Dustin Stolly and Jordan Roeschlaub
#8

Dustin Stolly and Jordan Roeschlaub

Vice Chairmen and Co-Heads of Debt and Structured Finance at Newmark

Last year's rank: 10

Dustin Stolly and Jordan Roeschlaub
By April 30, 2022 8:59 AM

“We don’t think there’s anyone quite like us in the ecosystem,” Dustin Stolly said. “We’re sort of a hybrid, or an octopus, in terms of our varied debt and equity expertise, and we’re extremely proud of the volume and breadth of transaction activity that we’ve executed.” 

We don’t get many marine mollusk comparisons on the Power Finance list, but as far as tentacles that reach far and deep into the varied corners of the commercial real estate financing ocean go, Newmark has definitely got ‘em. 

The Newmark team negotiated 194 deals (or one every 1.8 days) in the 12-month period ending March 31, comprising $29.6 billion in debt, $3.02 billion in equity and $1.7 billion in loan sales, with an average transaction size of $197.7 million. 

The two started their business financing or raising capital around single assets, and they’ve evolved to a far more institutional realm. In addition to their core debt and equity practice, today they’re busy raising money around portfolios, platforms and companies. 

“It just keeps spiraling and progressing, like a snowball,” Jordan Roeschlaub said. “We’re reinventing the game, and I’ve never been more pumped in my life.” 

Highlights from the past year include the $2 billion recapitalization of the Graduate Hotel platform; a $525 million refinance of a 50-asset, 100 percent net-leased portfolio; the $258 million development loan for Related’s Truffles Tribeca — one of the first construction loans of consequence post-COVID-19; a plethora of New York City office deals, including a $178 million loan for 25 Kent Avenue and a $238 million refi for RFR Holding’s 980 Madison; a variety of hotel deals, including a $195 million refinance for GFI’s Beekman Hotel and a $230 million refinance of Witkoff’s West Hollywood EDITION; and portfolio financings for megaclients such as Blackstone, KKR, Starwood Capital and Angelo Gordon.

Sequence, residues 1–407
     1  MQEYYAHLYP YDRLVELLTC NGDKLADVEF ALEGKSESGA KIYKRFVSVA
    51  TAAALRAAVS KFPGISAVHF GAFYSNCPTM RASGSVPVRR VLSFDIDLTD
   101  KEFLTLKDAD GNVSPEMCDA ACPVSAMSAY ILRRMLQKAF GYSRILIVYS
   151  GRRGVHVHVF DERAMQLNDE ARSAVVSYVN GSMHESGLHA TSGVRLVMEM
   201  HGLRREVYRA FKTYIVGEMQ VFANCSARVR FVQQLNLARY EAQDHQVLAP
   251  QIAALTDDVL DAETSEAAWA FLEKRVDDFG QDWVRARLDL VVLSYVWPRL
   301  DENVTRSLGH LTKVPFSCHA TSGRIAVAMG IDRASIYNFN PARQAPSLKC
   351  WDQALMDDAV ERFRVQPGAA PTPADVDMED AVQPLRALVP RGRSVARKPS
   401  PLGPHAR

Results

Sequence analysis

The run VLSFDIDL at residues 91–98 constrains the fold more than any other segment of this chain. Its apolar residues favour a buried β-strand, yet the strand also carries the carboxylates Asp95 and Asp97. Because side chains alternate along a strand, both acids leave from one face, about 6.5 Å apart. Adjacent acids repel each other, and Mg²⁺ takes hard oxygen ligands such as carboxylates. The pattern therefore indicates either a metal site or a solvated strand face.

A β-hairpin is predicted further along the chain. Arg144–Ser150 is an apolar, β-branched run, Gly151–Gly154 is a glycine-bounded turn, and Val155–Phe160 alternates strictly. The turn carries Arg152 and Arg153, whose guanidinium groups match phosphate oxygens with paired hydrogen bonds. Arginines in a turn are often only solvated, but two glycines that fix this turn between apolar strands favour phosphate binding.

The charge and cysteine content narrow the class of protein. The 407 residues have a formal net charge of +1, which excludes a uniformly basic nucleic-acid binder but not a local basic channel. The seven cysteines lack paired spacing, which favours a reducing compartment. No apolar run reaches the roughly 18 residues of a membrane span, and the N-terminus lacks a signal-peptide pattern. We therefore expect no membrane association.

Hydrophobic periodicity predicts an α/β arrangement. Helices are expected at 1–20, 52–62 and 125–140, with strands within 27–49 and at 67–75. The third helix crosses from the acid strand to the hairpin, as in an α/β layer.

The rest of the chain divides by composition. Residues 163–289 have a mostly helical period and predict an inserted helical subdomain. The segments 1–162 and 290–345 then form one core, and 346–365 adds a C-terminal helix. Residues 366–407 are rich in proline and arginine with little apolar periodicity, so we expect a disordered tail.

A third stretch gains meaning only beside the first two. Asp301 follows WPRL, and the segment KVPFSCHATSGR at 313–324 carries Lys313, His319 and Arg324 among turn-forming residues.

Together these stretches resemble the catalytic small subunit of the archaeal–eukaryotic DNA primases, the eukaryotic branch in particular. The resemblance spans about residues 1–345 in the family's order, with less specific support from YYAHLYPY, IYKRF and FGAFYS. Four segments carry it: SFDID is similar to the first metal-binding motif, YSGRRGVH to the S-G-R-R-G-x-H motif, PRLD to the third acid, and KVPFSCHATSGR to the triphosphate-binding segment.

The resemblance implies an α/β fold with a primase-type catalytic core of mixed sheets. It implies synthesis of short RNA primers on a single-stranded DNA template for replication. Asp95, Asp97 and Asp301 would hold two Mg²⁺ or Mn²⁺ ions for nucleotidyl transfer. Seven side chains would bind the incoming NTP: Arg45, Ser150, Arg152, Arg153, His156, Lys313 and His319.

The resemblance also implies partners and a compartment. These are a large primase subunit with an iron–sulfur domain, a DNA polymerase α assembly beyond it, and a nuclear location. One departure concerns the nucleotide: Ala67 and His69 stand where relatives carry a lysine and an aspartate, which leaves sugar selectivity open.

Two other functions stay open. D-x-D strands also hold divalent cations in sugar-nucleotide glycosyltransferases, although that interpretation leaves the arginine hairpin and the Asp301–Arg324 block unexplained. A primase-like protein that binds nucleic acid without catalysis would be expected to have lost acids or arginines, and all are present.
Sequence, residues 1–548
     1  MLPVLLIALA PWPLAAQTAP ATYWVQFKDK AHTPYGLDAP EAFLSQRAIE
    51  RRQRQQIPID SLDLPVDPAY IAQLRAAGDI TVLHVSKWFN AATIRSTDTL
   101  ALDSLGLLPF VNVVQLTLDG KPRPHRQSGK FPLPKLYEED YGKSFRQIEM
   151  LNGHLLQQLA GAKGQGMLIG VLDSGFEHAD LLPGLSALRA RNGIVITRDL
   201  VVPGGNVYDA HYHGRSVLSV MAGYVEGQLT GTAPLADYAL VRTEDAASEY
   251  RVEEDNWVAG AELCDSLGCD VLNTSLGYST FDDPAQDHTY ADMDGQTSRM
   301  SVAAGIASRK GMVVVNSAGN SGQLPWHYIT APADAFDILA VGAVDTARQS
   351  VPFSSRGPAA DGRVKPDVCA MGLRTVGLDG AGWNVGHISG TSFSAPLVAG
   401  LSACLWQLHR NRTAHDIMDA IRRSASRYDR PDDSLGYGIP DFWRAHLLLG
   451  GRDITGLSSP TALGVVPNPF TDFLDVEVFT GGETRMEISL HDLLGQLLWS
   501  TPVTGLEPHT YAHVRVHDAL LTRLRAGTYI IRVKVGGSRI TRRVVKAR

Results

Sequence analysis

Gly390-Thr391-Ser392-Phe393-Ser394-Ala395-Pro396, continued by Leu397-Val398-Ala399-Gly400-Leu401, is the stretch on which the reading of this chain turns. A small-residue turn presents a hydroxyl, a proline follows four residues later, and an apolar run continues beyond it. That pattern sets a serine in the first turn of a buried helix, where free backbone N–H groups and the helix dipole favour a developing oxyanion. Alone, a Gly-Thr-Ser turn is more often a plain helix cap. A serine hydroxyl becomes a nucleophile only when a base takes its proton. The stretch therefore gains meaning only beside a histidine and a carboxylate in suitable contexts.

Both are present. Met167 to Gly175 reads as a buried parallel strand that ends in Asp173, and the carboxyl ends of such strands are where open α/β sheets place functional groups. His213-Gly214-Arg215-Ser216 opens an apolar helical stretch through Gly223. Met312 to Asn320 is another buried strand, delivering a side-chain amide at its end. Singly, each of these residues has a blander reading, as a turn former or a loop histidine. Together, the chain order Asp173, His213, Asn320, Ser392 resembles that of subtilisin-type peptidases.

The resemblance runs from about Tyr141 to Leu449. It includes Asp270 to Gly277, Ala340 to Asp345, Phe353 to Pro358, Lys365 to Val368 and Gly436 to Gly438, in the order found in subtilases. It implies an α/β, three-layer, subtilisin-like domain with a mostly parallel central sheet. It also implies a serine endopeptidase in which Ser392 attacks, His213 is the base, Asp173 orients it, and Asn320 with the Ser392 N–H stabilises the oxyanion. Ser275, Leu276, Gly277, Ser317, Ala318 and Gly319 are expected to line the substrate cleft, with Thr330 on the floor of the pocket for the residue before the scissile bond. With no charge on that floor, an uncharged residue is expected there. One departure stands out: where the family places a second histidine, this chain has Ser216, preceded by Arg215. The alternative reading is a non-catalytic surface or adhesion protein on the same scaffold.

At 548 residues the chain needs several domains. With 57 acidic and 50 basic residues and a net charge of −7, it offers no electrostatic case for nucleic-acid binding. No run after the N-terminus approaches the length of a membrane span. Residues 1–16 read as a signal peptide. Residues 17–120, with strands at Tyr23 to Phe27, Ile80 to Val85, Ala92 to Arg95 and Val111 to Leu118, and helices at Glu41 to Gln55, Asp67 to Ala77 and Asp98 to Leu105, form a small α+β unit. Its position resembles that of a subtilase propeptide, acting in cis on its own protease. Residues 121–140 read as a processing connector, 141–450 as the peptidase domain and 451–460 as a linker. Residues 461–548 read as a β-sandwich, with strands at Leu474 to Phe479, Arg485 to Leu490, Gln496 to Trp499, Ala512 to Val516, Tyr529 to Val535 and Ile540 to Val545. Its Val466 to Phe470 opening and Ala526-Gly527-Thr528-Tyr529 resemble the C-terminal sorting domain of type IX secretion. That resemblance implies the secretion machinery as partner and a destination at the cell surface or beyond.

Delving into alternative asset classes, the Newmark team also led the recapitalization of Port 32 — a leading owner, operator, developer and acquirer of Class A coastal marinas — enabling the company to accelerate its growth plans in Florida and also expand into new markets.

While the market has experienced some choppy waters thus far in 2022, Newmark has embraced the opportunity to add value, acting as a “lightning rod for information” for clients, and finding a home for eager capital, Stolly said. He added, “We expanded our business to include platform capitalizations on asset classes that capital wants to be in, including industrial outdoor storage [IOS], life sciences and cold storage.” Case in point, in the IOS space alone, the team capitalized five platforms this past year. 

Carving out those additional niches to add to their portfolio is just one of the team’s skills. 

“I think we’re pretty good at seeing where there’s a crease in the marketplace, or an opportunity set for capital to find an entry point, and we run with it —whether it’s an asset class, or a specific strategy,” Roeschlaub said. “We’re never going to be complacent. We’re always looking ahead to get in front of what’s happening in the market.” 

Five of Stolly and Roeschlaub’s 14-person team are women today, and their two-year analyst program includes minorities every year.—C.C.

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